by Sarah Grey
This is his element: water.
Holloway has come to repair the Goodwins' washer. It chokes and sputters and
burps suds across the laundry room floor.
Mrs. Goodwin apologizes for the mess, for the heat, for the mangy cat that glares
from the shelves above. She offers him fresh iced tea. He accepts and hikes his
jeans up, for her sake.
When she returns with the full glass, the floor is clean and dry, and the washer
hums and churns like a hive of honeybees in spring.
Her eyes widen; her lipsticked mouth falls open in surprise. She tips him
generously, and asks him if he can repair the air conditioner, too.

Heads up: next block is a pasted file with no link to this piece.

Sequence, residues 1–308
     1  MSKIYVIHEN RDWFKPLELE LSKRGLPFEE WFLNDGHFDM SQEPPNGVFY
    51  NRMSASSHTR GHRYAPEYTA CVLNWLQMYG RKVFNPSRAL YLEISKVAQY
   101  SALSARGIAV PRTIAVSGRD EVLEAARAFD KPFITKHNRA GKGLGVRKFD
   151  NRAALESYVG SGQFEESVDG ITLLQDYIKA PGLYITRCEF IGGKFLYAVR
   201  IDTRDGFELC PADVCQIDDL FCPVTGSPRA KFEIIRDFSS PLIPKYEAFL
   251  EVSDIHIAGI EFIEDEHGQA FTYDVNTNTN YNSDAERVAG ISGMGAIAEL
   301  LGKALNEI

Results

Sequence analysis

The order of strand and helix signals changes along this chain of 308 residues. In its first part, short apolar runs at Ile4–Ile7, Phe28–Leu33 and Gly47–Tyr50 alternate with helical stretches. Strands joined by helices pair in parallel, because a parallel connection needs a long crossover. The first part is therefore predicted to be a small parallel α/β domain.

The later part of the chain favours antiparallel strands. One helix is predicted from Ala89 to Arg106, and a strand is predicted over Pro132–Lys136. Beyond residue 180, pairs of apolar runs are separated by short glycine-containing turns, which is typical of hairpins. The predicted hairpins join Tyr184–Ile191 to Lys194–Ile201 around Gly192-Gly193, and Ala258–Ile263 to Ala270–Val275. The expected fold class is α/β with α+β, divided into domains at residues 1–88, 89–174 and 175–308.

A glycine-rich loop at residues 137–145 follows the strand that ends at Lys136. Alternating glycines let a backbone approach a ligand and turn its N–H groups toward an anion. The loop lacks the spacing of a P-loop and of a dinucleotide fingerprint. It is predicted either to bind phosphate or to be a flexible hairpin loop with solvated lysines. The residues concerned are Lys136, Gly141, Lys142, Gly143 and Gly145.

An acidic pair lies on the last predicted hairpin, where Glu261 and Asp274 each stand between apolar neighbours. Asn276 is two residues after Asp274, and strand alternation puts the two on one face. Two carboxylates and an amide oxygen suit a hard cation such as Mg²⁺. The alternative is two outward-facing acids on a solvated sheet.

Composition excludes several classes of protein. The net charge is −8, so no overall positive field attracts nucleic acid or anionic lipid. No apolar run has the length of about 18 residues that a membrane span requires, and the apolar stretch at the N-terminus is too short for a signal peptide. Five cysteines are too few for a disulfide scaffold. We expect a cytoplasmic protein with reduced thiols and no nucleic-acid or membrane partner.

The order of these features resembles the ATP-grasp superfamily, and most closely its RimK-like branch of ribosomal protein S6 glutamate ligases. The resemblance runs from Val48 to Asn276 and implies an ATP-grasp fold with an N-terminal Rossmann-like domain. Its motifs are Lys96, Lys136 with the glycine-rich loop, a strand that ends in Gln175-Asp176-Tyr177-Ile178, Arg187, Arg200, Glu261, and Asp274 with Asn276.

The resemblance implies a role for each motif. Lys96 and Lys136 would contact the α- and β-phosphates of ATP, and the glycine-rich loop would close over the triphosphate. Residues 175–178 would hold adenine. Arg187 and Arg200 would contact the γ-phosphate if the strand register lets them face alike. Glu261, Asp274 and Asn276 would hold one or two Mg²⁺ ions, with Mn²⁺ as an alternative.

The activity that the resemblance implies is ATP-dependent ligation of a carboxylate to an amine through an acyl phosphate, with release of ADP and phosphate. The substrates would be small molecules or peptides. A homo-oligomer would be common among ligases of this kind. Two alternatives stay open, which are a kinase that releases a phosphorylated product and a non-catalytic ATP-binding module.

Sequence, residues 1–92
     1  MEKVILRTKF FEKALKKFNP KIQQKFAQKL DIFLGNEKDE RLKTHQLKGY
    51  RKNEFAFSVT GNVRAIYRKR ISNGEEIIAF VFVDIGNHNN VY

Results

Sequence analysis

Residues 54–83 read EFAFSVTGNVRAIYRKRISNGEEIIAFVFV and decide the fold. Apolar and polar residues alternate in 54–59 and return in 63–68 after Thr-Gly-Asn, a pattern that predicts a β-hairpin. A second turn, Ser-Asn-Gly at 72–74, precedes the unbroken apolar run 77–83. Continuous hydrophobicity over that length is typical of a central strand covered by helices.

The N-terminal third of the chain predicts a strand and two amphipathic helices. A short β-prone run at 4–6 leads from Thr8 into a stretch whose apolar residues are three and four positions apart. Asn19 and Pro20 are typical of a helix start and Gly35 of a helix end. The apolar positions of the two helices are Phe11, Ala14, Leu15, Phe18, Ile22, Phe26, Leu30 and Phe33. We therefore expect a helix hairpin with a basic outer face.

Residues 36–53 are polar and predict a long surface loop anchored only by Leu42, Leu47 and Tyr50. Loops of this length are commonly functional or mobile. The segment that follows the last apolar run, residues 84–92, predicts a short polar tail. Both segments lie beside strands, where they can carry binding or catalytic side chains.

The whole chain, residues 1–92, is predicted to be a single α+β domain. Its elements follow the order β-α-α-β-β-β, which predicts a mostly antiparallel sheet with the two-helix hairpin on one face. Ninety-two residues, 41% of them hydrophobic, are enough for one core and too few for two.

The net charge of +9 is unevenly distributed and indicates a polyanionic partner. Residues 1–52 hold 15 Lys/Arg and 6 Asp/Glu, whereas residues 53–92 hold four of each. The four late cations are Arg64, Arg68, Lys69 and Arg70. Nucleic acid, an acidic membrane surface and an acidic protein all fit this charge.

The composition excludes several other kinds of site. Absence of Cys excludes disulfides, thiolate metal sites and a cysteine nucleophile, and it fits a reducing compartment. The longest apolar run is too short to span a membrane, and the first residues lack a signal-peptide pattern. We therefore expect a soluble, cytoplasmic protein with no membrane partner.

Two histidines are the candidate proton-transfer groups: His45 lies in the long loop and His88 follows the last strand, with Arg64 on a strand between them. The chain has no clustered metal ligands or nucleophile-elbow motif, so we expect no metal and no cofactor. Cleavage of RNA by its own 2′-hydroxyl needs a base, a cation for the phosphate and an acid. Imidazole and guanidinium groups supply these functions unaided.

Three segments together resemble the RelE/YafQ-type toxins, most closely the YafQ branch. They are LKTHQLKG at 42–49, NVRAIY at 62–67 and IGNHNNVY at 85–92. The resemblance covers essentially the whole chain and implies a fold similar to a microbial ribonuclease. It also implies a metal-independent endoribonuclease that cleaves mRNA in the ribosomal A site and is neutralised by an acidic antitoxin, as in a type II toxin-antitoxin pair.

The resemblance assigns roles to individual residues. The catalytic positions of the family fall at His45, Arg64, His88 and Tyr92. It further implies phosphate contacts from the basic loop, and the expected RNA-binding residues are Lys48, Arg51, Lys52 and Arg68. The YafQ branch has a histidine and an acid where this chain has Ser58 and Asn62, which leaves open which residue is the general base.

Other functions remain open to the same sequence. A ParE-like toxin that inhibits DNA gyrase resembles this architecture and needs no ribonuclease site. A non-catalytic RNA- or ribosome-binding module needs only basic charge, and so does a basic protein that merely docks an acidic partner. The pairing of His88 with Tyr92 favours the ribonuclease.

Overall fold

He cannot, he tells her. He blames it on his education, but HVAC is for the gods of
"Oh," she says. "That's a pity. I haven't been able to get ahold of anyone to fix it."
This is his realm: from Oakview Avenue south to Jones Road, between 18th Street
Within these lands, he is every plumber in the directory; he is all search results for
toilet repair and leaking faucet. He is the alpha and omega of pipes, a small god of
He takes pride in his realm. Within it, the water is clean, and the elements are in